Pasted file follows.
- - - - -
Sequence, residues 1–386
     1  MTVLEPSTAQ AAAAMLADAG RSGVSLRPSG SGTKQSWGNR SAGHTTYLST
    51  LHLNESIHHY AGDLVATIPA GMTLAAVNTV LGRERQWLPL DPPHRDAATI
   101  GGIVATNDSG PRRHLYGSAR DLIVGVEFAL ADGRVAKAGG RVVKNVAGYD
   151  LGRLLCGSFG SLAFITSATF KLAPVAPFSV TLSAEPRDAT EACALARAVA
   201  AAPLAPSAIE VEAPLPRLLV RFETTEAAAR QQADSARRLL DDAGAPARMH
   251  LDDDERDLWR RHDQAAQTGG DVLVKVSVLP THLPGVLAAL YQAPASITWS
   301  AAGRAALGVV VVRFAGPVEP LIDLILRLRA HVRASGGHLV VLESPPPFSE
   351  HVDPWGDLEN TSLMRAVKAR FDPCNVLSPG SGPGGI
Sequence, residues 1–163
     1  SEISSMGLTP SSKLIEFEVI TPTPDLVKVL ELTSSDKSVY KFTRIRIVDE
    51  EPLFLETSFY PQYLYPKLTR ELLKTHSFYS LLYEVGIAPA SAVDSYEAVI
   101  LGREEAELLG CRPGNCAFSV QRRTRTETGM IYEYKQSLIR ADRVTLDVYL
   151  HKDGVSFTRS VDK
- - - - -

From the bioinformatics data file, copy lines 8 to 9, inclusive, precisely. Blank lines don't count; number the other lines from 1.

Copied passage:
   301  AAGRAALGVV VVRFAGPVEP LIDLILRLRA HVRASGGHLV VLESPPPFSE
   351  HVDPWGDLEN TSLMRAVKAR FDPCNVLSPG SGPGGI